Ma Yan’s Diary
In 2001, a Chinese mother entrusted her daughter’s private diary to a group of Frenchmen who were passing through her small village in the province of Ningxia. Among them was journalist Pierre Haski, who would make the story of this young schoolgirl known to public, first by publishing extracts from the diary in the “Libération”, followed by the publication of a book that recaptures the different stages in Ma Yan’s life.
Ma Yan is a thirteen-year-old girl, the eldest of the three children in her family, whose greatest wish is that her grandparents and parents could retire peacefully. She knows that in order to achieve this, she has to work hard and be successful in her studies. In fact, Ma Yan’s mother, Bai Juhua, often inculcates the importance of education in her children, by saying that the state of misery in which they are living is related to her own lack of education.
Ma Yan’s parents are ready to make various sacrifices for their children to go to school: they spend most of their time working flat out in the fields to make up for the necessary school fees. Her father is a migrant worker: he often leaves for Yinchuan, the provincial capital, or Inner Mongolia, the neighbouring province, where he could find work on the construction sites. Despite severe stomach aches and irritated hands due to constant contact with freezing cold water while doing housework, her mother tries hard to take good care of the household. She too, would be gone from time to time, to dig for fa cai, a nutritious herb that grows in the Mongolian steppes and is highly sought after by residents in Hong Kong.
Ma Yan started school at the age of eight, in her native village of Zhang Jia Shu. She began to write in her diary while she was in her fourth and final year of primary school education, at the Yuwang Hui Boarding School. In order to return home for visits, Ma Yan and her younger brother would travel, rain or shine, 20 kilometres on foot, twice a week, for they lack the money to return on a tractor.
In her diary, Ma Yan describes her desire to be the top student in the class, her joy when she obtains a good grade, and her despair whenever she has to return home with unsatisfactory grades on her school report. In addition, she notes the extreme poverty to which she has been subjected: the cold, she has to wear the same set of uniform in summer and winter alike while her classmates are able to afford better clothing, to eat only one meal per day, she once forced herself into fasting for two weeks in order to buy a pen, hunger, hunger, and more hunger – a sentiment that runs as a leitmotiv throughout her diary.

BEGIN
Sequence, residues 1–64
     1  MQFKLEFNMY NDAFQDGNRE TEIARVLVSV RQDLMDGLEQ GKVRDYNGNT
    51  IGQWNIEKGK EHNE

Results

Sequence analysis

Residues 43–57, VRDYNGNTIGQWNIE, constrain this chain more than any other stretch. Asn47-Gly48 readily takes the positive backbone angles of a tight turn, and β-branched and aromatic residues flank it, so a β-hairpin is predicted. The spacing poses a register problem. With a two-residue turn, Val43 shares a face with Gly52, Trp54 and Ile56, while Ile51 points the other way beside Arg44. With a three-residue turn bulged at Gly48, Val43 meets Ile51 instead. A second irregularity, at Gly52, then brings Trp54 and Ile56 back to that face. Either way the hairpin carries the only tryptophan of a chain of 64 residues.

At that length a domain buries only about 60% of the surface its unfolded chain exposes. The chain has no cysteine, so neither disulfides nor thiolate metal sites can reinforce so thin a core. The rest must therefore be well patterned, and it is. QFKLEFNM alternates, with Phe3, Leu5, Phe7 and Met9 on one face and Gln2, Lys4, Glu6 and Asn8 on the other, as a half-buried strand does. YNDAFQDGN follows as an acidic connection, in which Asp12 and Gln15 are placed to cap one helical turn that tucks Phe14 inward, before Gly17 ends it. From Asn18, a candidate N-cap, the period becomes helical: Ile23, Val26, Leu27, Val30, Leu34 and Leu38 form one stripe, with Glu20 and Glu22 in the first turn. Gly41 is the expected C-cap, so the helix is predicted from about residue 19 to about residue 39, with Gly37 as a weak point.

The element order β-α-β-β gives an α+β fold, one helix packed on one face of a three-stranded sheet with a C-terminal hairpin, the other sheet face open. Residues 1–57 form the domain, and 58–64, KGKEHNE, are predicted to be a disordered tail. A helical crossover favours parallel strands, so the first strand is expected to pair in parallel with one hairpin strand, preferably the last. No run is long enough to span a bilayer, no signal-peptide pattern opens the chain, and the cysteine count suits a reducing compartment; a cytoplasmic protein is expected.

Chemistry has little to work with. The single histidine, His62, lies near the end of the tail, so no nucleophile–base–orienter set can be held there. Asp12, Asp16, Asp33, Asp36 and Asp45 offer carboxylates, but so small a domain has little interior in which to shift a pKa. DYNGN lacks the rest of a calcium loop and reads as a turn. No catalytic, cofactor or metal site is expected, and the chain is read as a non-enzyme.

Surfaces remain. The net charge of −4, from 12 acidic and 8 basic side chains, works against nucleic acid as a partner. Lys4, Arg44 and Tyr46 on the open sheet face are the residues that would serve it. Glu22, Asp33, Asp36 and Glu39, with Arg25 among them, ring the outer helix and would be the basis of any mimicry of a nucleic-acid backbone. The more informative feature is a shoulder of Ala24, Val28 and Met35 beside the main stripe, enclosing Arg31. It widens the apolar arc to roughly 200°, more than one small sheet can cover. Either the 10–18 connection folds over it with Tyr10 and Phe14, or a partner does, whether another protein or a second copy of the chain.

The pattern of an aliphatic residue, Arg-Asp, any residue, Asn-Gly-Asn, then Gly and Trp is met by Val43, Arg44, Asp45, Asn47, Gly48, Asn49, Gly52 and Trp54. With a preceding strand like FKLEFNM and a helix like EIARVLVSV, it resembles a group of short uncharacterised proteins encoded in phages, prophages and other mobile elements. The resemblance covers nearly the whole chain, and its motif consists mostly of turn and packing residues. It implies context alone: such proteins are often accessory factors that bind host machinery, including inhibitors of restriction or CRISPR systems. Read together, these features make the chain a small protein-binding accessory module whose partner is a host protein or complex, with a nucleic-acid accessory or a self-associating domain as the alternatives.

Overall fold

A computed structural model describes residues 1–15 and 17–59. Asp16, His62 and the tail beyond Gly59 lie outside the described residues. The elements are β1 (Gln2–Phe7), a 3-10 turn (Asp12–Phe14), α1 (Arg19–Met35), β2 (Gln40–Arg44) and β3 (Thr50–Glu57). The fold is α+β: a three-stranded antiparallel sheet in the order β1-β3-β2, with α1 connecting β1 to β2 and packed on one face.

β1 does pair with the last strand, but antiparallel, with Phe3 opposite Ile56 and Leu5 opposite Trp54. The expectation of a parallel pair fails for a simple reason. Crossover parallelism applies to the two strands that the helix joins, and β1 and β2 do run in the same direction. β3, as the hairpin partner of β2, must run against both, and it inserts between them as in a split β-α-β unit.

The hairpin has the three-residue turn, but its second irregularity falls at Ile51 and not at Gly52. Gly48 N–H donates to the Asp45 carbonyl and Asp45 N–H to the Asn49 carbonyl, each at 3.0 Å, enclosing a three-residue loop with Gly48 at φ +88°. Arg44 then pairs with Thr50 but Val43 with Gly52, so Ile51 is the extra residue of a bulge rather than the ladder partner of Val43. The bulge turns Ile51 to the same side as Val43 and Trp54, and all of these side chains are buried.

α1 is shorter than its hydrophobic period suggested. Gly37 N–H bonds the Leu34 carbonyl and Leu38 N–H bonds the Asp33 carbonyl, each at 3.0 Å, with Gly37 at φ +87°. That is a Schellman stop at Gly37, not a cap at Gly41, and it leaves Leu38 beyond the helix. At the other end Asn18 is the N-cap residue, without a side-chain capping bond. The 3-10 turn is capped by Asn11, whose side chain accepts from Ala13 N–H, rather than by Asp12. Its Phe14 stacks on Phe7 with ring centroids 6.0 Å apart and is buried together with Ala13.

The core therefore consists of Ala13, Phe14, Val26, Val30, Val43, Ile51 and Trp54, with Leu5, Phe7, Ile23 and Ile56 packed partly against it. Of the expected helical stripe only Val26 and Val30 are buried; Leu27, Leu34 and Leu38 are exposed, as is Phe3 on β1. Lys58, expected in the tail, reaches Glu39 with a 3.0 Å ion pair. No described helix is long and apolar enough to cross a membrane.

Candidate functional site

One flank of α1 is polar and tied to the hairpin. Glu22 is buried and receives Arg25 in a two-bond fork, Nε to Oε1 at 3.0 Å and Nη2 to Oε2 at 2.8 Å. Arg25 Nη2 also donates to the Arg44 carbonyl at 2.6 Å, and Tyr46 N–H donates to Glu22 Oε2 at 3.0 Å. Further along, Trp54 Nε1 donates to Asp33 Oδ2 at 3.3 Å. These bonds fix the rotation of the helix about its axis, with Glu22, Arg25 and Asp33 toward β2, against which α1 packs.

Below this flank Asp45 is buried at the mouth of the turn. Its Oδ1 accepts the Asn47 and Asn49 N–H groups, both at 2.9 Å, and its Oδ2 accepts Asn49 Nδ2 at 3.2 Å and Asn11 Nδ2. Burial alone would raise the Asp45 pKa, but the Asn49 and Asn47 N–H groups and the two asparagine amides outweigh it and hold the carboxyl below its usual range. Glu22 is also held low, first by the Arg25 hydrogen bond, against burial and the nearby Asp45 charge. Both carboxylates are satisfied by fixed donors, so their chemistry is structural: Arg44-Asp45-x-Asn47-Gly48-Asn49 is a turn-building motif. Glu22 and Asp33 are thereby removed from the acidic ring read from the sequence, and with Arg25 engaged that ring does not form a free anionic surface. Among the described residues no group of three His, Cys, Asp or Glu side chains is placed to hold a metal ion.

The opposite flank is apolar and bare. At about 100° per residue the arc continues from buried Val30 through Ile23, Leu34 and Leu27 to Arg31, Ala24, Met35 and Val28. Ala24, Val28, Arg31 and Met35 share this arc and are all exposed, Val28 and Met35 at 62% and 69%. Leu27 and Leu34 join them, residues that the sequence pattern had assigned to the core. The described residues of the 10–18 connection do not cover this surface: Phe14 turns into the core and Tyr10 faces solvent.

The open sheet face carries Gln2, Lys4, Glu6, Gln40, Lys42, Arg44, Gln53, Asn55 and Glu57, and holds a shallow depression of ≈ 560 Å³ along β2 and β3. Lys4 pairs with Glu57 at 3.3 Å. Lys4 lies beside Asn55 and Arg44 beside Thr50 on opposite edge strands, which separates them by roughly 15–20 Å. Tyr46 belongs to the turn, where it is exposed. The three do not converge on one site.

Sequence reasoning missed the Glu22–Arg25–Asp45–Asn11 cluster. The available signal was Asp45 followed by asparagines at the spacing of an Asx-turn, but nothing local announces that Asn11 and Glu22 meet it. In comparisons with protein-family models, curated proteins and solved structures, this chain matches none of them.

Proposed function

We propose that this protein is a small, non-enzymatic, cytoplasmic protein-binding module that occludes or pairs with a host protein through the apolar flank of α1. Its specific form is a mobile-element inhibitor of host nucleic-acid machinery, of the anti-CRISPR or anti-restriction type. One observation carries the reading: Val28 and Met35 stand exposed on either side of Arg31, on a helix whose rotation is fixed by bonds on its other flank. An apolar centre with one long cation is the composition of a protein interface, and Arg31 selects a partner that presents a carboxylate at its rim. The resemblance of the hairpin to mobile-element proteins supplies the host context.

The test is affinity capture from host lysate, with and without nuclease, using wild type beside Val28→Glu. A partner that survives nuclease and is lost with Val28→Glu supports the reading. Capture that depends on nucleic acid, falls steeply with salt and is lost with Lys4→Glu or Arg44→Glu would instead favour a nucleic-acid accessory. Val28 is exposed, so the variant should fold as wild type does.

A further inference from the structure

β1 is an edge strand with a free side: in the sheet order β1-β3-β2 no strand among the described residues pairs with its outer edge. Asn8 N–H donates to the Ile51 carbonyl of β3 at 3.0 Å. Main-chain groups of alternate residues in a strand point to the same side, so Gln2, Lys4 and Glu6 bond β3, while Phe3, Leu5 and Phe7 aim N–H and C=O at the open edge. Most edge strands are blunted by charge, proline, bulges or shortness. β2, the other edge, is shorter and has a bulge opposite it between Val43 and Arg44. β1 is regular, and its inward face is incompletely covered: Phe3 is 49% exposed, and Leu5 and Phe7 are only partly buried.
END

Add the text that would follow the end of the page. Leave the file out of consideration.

At the end of the school year, the young girl sat for an entrance examination for entry to the Tongxin Girls Secondary School, a school that would allow her to discover the ‘outside world’. Unfortunately, she did not pass the examination and thus had to content herself with staying on at the Yuwang Secondary School, an institution with more than a thousand pupils.
However, during the school year, she learnt that her parents no longer have the means to pay for her school fees, as a result of five consecutive years of drought. She then wrote a letter to her mother on the reverse side of wrappings for bean seeds, a letter that would become famous and launch the ventures of “Children of Ningxia”.
« I want to study »
We have a week of vacation. My mum said to me: “My child, I’ve something to tell you.” I responded: “Mum, if you have something to say, go ahead! You should not keep it to yourself”. But her first few words shattered my dream: “I’m afraid that this might be the last time you go to school.” With eyes wide open, I looked at her and asked: “How could you say something like this? In our days, one could not live without studying. Even a peasant needs knowledge to cultivate his field, if not, he’ll not have any crops”.
Mum insisted: “Your brothers and you, altogether there’re three of you who go to school. Only your dad is working, afar. It’s not enough.” I asked her, with anguish at heart: “Does that mean that I’ve to return and stay at home?” “Yes”, she replied. “And my two brothers?” “Your two brothers can continue their studies at school”. I protested: “Why could boys continue their studies but not girls?” She smiled wearily: “You’re still young, when you grow up, you’ll understand.”
This year, there is no more money for me to go to school. I have returned home and I cultivate the fields to provide for my two brothers’ schooling. When I think back to the laughter at school, I have the feeling that I am still there. How I wish I could go back to school and study. But my family has no money.
I want to study, mum, I don’t want to come back home! It would be nice if I could stay in school forever!
Ma Yan, 2 May 2001
Bai Juhua has never learned to read or write, she had to ask her daughter to read out the letter for her. The events have followed up quickly since then: touched by Ma Yan’s feeling of distress, her parents borrowed the 70Yuan (6.60 Euro) needed to complete the entire school year, and the letter has been passed to the French journalist, as if a message in a bottle had been released into the ocean.
Ma Yan could finally return to school and benefit from high quality education. Currently, she is reading French literature at the Sorbonne in Paris. Her younger brother is studying law at the University of Ningxia, in Yinchuan province, while the youngest brother will sit for the Gaokao (High School Diploma Exam) in 2012, and would like to study international relations in university.